Bryn Mawr College is known for many things. Welding is not one of them.
But with the help of Director of Science Services Richard Willard, Theater Major Sam Wall ’17 has been able to continue to hone a valuable skill she was first introduced to last summer during an internship with a theater group in Hartford, Conn.
“I'm a theater major, and my focus is on production and design,” says Wall. “I've done a lot of set building. And in bigger theaters you do often need welders for some pieces. So there's that practical side. But also, I think that it’s just a cool thing to learn how to do. I like weird crafts, I guess.”
Wall’s welding days may have ended with the one-day crash course she had during her internship were it not for a chance encounter with Willard in Goodhart Theater at the start of the fall semester.
“Rich came by with a whole bunch of people, and they were doing a tour,” Wall recalls. “They were trying to put together a makerspace for the engineering people. So they were touring around spaces, and I was at Goodhart. And I heard them talk about welding. So I said, ‘Hey, I learned to weld this summer!’ So we got into a discussion about welding, and he told me, ‘You know, we do lessons sometimes.’ And that's where I am now. I'm learning how to weld.”
Willard also remembered his introduction to Wall, adding that Professor of Theater Mark Lord introduced them while Sam was “way up on the scaffolding, up at the ceiling, working on a set. But we got to chatting and I found out that she’d learned how to weld.”
Wall’s lessons take place in Park’s scientific instrument shop, a machine shop where Willard and Bryn Mawr’s Chief Instrument Maker, Rob Cunningham, build the research equipment for the sciences.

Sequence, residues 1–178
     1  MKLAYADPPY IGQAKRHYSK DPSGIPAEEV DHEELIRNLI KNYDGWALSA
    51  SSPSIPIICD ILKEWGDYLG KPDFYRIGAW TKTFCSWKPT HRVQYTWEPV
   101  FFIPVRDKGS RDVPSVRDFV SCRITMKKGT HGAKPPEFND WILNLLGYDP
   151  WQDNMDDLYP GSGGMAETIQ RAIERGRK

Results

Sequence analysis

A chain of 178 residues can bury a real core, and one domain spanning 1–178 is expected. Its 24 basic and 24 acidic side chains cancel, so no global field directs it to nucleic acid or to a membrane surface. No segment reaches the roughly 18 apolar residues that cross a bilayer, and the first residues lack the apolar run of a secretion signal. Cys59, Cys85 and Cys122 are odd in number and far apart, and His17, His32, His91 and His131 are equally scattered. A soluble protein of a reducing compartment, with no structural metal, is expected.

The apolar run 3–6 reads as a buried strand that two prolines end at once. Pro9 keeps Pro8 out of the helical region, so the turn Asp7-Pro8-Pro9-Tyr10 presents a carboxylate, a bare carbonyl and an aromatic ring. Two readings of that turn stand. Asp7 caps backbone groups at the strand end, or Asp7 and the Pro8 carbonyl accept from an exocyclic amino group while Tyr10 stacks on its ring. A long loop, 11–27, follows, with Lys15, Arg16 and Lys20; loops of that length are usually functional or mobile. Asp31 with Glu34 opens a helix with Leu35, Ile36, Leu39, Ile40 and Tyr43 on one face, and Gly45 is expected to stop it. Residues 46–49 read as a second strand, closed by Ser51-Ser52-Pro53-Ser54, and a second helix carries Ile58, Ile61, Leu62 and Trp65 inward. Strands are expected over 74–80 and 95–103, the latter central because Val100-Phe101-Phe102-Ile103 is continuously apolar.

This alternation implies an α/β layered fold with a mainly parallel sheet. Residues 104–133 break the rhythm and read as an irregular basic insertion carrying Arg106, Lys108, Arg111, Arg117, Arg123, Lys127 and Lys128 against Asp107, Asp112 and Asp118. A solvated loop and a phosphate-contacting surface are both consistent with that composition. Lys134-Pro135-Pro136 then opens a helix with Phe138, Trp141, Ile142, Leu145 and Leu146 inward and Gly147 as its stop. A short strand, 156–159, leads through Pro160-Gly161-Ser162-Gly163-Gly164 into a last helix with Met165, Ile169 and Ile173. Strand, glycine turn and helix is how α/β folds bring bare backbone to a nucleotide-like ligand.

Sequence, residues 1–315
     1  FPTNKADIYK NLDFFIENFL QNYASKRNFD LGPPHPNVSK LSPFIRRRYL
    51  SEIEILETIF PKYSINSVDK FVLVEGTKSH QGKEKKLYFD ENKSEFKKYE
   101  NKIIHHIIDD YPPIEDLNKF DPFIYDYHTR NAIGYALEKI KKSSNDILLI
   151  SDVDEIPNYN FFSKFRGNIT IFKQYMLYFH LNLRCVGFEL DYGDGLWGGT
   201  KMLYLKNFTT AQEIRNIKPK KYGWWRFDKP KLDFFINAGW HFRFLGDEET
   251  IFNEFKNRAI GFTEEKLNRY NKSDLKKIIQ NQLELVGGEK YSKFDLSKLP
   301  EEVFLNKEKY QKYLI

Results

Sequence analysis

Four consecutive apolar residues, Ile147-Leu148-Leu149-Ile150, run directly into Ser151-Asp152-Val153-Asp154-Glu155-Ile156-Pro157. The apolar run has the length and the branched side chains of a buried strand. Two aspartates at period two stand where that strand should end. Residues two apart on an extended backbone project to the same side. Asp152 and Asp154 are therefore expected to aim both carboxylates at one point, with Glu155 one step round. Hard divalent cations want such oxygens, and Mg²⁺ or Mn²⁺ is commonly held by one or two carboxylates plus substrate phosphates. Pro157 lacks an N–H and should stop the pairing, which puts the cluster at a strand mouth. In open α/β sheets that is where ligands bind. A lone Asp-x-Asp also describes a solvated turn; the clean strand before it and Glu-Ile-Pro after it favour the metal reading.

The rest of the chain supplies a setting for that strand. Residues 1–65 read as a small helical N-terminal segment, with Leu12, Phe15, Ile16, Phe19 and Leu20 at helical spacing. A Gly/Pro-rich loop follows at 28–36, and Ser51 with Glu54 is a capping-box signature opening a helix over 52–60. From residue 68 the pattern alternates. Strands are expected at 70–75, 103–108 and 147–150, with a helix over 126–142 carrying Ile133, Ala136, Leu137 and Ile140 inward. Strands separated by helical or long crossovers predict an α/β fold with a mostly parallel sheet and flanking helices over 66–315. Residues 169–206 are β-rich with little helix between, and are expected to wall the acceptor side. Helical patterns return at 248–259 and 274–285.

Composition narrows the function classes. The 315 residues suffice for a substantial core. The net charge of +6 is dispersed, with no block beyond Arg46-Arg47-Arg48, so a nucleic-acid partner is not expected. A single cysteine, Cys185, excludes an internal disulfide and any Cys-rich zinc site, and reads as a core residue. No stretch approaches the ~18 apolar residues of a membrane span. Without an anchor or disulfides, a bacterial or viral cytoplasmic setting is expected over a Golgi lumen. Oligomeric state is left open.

“This is a closed shop, meaning that there's only two of us that work in the shop and we do the work we need to do, and occasionally we will work with a student that is working on a particular project or has a particular interest in learning something and has the time to learn,” says Willard.
The shop’s equipment includes computer-controlled milling machines, lathes, hand tools, drill presses, bandsaws, and a 3D printer.
“We're very well-equipped. Especially for a small liberal arts college,” says Willard. “There isn’t much we can’t do.”
Wall has been learning a type of welding that uses both a tungsten electrode and an inert gas to join the metals involved, hence the name, “tungsten inert gas,” or TIG, welding. Because of the intense heat used to bind two metals together, Wall has to wear protective gear and a full mask.
“It's just too bright,” she says. “You could literally burn your retinas if you look at it without protection.”
While Wall has yet to do any welding for Bryn Mawr’s theater program, where metal set pieces are less common, she hopes to put her welding lessons to good use when she goes into theater production after graduating Bryn Mawr.
In addition, Wall, who also does knitting and spinning, is looking to other forms of metalworking.
“Like hardcore blacksmithing, that would be really cool. Or robots. I don’t see that happening in the foreseeable future, though,” she says laughingly.
To learn more about Bryn Mawr’s Science Support Services and Park Science Building’s instrument shop, contact Richard Willard at email@example.com.